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Abu Dhabi, UAEWednesday 26 September 2018

Nissan works the pedals of change with its new Leaf

Japanese firm's upcoming version of its electric car features a single pedal option for drivers - and it's probably the future, near term

A Leaf at showroom at the global headquarters of Nissan, in Yokohama, south of Tokyo. The 2018 Leaf will feature a single pedal option. Kimimasa Mayama / EPA
A Leaf at showroom at the global headquarters of Nissan, in Yokohama, south of Tokyo. The 2018 Leaf will feature a single pedal option. Kimimasa Mayama / EPA

It wasn’t so long ago that most people used to drive cars with three pedals – accelerator, brake and clutch.

History moves quickly, though, and the two pedals most of us have since become used to are about to merge, and that’s a good thing.

Nissan’s upcoming 2018 Leaf does indeed have both accelerator and brake pedals, but it’s the first car – electric or otherwise – in which you will really only need one of them.

The Leaf’s so-called e-Pedal combines the two functions, so that stepping on it speeds up the car while easing off means slowing down. Taking your foot off entirely ultimately stops the vehicle.

The brake pedal is there right next to the accelerator, but it’s only for what Nissan calls “aggressive braking situations”, or emergency stops.

The single-pedal system sounds completely counter-intuitive and runs against everything that any driver’s lizard brain innately understands, which is why I was so surprised by how quickly it won me over.

I had the chance to test drive the electric Leaf recently on the streets of Yokohama, the Japanese city where Nissan is headquartered.

Initially, I thought I was going to hate using the e-Pedal because it seems like such an unnecessary thing, like change for the sake of change. But it turns out I was very wrong.

It’s actually easy to use and quite intuitive, possibly more so than the idea of using two pedals, which almost seems illogical now in hindsight.

Easing off does indeed slow the Leaf commensurately to how much pressure you give up. Stopping – and staying stopped – is great, since you can take your foot off the pedal entirely.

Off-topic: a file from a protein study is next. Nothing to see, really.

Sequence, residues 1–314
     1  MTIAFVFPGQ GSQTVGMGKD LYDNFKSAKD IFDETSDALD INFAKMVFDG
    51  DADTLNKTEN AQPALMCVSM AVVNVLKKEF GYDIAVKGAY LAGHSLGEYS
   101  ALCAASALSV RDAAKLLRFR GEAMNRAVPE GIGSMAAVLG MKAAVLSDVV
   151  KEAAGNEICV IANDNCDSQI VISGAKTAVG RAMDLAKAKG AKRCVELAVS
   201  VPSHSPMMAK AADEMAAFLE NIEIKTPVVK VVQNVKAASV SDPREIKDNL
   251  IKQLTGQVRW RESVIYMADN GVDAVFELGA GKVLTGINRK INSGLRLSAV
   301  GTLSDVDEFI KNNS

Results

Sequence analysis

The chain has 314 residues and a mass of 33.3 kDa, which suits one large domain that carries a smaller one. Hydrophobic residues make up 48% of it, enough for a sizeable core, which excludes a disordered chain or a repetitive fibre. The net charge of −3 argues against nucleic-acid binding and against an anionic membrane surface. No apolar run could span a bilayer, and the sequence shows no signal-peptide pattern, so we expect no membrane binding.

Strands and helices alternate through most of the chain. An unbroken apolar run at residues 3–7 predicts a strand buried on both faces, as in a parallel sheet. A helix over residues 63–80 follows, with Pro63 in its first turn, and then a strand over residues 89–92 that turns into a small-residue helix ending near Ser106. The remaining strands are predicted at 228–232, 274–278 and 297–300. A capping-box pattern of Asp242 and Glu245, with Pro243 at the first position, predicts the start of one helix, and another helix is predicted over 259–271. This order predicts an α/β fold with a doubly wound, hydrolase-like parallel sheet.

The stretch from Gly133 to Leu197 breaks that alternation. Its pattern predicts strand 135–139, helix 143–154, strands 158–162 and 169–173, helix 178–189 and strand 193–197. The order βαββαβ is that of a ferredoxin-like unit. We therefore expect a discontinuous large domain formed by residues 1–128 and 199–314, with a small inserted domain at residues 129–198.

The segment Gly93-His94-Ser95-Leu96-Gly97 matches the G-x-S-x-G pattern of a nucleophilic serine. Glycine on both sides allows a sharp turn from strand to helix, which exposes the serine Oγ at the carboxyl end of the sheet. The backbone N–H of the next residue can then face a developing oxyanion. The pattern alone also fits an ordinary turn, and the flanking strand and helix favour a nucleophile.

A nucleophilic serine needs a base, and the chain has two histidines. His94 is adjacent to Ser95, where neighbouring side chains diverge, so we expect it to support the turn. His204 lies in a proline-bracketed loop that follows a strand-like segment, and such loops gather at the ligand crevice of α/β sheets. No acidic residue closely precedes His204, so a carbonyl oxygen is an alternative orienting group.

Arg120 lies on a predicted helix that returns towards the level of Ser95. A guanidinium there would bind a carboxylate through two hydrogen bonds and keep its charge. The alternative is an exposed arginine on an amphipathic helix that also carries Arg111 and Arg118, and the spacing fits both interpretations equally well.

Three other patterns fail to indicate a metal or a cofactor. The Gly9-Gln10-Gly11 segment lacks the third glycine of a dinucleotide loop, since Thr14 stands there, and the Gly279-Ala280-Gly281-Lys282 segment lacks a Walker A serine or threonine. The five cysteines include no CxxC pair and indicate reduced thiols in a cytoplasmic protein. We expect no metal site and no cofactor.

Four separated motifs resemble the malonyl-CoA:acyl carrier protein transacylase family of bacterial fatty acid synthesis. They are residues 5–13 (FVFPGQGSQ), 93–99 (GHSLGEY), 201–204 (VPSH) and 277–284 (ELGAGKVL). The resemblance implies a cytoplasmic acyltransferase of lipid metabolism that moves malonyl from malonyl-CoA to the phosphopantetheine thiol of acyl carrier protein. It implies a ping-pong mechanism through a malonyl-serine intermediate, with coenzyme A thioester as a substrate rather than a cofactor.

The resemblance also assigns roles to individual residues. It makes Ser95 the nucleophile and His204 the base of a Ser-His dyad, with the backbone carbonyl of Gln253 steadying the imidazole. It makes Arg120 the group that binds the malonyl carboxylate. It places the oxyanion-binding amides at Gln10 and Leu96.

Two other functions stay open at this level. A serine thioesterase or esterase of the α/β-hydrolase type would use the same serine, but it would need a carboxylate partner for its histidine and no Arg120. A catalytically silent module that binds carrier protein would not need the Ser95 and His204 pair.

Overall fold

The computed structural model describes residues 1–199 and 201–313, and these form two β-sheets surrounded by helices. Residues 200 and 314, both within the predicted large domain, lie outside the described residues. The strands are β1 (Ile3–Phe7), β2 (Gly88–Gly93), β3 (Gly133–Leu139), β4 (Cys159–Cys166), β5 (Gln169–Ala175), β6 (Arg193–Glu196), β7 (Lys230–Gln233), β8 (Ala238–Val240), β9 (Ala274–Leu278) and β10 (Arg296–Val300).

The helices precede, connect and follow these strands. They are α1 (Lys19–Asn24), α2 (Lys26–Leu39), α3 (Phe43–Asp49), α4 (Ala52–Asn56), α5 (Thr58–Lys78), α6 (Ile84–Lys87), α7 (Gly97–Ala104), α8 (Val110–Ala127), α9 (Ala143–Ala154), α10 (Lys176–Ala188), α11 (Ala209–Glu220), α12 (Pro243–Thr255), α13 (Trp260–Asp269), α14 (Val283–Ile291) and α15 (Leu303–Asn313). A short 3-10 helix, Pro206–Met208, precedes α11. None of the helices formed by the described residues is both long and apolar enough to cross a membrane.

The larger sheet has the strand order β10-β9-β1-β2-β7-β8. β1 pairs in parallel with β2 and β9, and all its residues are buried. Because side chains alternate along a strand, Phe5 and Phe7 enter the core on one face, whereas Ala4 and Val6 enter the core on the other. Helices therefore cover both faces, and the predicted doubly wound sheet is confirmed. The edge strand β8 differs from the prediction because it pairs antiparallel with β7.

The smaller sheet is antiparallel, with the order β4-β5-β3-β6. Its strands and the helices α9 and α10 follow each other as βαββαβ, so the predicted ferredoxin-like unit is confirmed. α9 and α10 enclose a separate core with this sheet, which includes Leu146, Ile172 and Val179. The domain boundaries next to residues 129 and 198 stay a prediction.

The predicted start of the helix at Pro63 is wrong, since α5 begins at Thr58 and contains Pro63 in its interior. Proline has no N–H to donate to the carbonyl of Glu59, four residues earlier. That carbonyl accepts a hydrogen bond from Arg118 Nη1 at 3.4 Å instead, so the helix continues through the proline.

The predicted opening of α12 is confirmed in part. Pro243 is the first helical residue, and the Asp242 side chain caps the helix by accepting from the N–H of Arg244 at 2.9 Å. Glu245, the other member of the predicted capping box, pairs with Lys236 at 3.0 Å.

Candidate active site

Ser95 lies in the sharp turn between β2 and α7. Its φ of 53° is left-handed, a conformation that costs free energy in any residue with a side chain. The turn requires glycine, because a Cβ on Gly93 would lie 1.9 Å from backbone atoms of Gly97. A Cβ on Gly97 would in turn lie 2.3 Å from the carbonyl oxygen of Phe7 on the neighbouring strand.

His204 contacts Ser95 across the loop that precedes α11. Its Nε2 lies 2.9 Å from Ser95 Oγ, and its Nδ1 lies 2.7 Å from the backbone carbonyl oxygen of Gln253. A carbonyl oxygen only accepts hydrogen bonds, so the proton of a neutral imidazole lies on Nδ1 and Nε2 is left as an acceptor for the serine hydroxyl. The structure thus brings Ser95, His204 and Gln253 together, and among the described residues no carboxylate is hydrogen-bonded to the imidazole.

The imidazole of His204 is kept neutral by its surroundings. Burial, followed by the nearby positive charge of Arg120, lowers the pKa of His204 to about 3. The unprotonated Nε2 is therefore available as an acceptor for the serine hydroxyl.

It feels odd to be at a red light without your foot actually doing anything, but it’s also relaxing.

That’s part of the whole point of the e-Pedal, according to Nissan. Not having to constantly switch pedals and giving your foot a break every once in a while decreases the stress of driving. After my test drive, I’m inclined to agree.

On that front, less stress from switching pedals can also help with reducing accidents. The company says 7,000 accidents happen in Japan alone each year because of drivers misapplying pedals. In the United States, that number is estimated to be around 16,000 preventable crashes annually.

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If you drive, chances are good you probably understand this particular problem. Many drivers experience that moment of horror when you accidentally step on the accelerator when you meant to hit the brakes, or vice versa.

Fortunately for me, and hopefully most of us, it’s never happened in a situation where it ultimately mattered. Not having to quickly switch pedals should help with that, so that we don’t have to rely on dumb luck.

Nissan’s e-Pedal also has a practical function as far as the vehicle itself is concerned because it allows what car makers call regenerative braking.

With conventional brakes, a set of pads clamp on to metal discs that then slow the speed of the vehicle. The process creates a lot of friction and wasted heat.

In an electric vehicle, laying off the accelerator means power stops flowing to the motor and therefore the wheels. The wheels keep going, but they’re now turning the motor, which makes it a generator that then recharges the battery.

Keeping your foot off the accelerator thus gives the car a small shot of extra juice every time you do it.

Other EVs, including Tesla cars and the Chevy Bolt, let drivers select their preferred level of regenerative braking, or regen. In a Tesla, more regen means faster braking as you take your foot off the gas.

And since regen and the pedals are computer controlled, the likelihood of more user inputs becoming available over time are good. Pretty soon, we’ll be able to customise our car pedals – or pedal, as it were – by adjusting their sensitivity and resistance levels to our liking. No more one size fits all.

Nissan’s e-Pedal is optional and can be turned off, which reverts the accelerator-brake combo into just a plain accelerator pedal. But with the benefits being numerous and obvious, I suspect other drivers are going to like it too. It won’t be surprising to see other car makers follow down this path over the next few years.

Ultimately, when cars drive themselves, we won’t need to do anything with our feet at all. But until then, I’m betting it’s going to be pedal-to-the-metal for the single-pedal car.

Winner of the Week: Online shopping. The Black Friday shopping holiday in the United States pulled in an estimated US$5 billion in sales, up almost 17 per cent from last year’s totals, according to Adobe Digital Insights.

Loser of the Week: Net neutrality. As expected, US Federal Communications Commission chairman Ajit Pai has tabled his motion to repeal rules that prohibit telecom companies from blocking and slowing down websites and services. Scores of internet users, consumer advocates and technology companies are protesting ahead of the regulator’s December 14 vote on the motion.

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